Question about 1988 Toyota Land Cruiser

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1995 KZJ78 Landcruiser. Twitchy steering only in 4wd. (reasonably new steering damper) Slight play in tie rod ends.

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6ya6ya
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Posted on Jan 02, 2017

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emissionwiz
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SOURCE: how much estimate to fix tie rod

around $200, it will require the front end be aligned after part is installed.

Posted on Sep 30, 2008

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SOURCE: inner tie rod ends on a 2002 toyota celica

First, you do NOT have to remove the rack to replace the inner tie rod ends. Second, If you want a .pdf regarding the procedure, I'll be glad to send it to you. But, the tie rods just screw off. Whatyou WILL need to do is get a good front-end alignement after you replace the inner tie rod. If not, you will destroy your tires. Alignment is critical to minimize tire wear on Celicas.

Posted on Nov 13, 2008

  • 4 Answers

SOURCE: 2005 Toyota Corolla - steering column crunches

the reason why your hearing this noise is because your CV joints on your car is bad. CV joints go bad when the CV boots have a rip or a tear in them and little pebbles and debree from the road get into the bearings of your axle. Dont worry its not like this big expensive ordeal. What I do suggest is dont even ask about replacing the CV joints because it usually costs the same or even more than just replacing the axles. I know it sounds horrible expencive but its not. When you take your car in tell them you want to replace your front right and left CV axles, because there are two of them in the front. Most people think you only have 1 axle in the front but you technically have two. I find the cheapest way to do it is ordering the axles online. Then finding a job with the cheapest labor rate to put them on.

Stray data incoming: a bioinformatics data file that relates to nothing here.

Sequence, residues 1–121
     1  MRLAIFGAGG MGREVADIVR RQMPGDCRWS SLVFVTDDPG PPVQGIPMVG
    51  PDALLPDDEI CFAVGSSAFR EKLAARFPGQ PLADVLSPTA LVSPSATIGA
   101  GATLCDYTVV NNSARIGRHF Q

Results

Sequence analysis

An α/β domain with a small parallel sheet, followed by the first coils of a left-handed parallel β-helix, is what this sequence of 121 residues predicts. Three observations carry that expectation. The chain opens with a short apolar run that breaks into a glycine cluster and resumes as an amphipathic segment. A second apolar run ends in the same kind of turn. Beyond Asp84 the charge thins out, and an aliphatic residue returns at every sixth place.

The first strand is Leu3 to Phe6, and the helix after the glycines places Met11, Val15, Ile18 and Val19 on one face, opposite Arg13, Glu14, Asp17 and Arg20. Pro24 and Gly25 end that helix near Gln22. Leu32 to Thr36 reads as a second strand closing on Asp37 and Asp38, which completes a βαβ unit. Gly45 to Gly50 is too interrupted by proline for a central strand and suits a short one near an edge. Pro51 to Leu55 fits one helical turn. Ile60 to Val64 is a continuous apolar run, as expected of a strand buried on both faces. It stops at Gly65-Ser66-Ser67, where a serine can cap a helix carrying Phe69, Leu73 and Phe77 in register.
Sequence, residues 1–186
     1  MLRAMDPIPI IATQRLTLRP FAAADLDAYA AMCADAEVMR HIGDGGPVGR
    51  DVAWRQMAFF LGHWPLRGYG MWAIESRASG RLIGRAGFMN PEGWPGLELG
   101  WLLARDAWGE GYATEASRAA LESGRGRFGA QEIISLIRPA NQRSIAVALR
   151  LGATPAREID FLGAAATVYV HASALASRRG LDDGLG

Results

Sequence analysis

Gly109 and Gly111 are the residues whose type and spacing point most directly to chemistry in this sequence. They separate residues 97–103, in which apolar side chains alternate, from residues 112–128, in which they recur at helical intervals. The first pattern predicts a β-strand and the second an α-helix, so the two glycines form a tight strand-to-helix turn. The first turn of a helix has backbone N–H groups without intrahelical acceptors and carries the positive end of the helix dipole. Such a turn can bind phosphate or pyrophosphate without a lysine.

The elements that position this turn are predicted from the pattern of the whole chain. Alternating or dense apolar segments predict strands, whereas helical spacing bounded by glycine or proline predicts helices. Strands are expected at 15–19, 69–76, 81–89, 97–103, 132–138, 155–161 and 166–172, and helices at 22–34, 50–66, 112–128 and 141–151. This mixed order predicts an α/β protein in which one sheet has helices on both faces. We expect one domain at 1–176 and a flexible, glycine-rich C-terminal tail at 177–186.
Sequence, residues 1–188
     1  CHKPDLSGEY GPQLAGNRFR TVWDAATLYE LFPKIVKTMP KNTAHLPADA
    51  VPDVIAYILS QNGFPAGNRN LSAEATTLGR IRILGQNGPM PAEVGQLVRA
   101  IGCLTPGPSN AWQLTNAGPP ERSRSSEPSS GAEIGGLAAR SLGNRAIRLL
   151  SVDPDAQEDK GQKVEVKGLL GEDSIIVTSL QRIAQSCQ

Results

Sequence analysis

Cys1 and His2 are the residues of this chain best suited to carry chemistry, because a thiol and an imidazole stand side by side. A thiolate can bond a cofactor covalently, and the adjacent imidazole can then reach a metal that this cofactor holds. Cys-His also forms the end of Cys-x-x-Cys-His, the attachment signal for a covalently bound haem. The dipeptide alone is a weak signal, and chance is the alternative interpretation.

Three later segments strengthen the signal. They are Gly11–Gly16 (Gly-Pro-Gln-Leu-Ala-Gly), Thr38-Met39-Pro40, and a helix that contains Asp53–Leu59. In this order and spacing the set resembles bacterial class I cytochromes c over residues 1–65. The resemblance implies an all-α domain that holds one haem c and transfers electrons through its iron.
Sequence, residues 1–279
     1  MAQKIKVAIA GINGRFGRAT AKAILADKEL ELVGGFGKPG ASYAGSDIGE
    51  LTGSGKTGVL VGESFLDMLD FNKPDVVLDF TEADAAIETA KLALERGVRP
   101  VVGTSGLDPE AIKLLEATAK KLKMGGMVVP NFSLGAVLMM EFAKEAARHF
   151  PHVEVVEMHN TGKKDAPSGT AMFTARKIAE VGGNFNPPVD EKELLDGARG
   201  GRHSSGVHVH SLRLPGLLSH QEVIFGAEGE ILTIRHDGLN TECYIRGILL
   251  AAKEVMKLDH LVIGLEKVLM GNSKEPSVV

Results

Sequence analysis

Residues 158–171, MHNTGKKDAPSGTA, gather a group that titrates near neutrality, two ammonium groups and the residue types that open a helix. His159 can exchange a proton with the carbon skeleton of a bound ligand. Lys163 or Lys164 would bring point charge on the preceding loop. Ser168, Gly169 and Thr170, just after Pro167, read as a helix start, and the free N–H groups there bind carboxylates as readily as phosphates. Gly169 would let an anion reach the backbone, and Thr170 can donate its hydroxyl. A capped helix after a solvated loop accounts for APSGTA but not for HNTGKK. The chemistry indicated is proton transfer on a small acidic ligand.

Go to www.autopartswarehouse.com. Select the year, make and model of the car. Then scroll down to the Driveshaft and Axle section and click on Axle Assembly and order the parts from there. I made it a little easier on you, I already looked it up for you and the price

right axle is $99.95
left axle is $99.95

Now you say you get the crunching when you turn left and right so you will need both the left and right axles. Remember that the longer you take to replace them, that crunching noise will continue to get louder and louder

Posted on Jan 12, 2009

pippall
  • 1486 Answers

SOURCE: Severe brake chatter on ''97 Dodge Ram with 4wd.

Fault is with the ABS system.Get it checked out.

Posted on Aug 09, 2009

luckyuhaul
  • 2 Answers

SOURCE: setting wheel alignment manually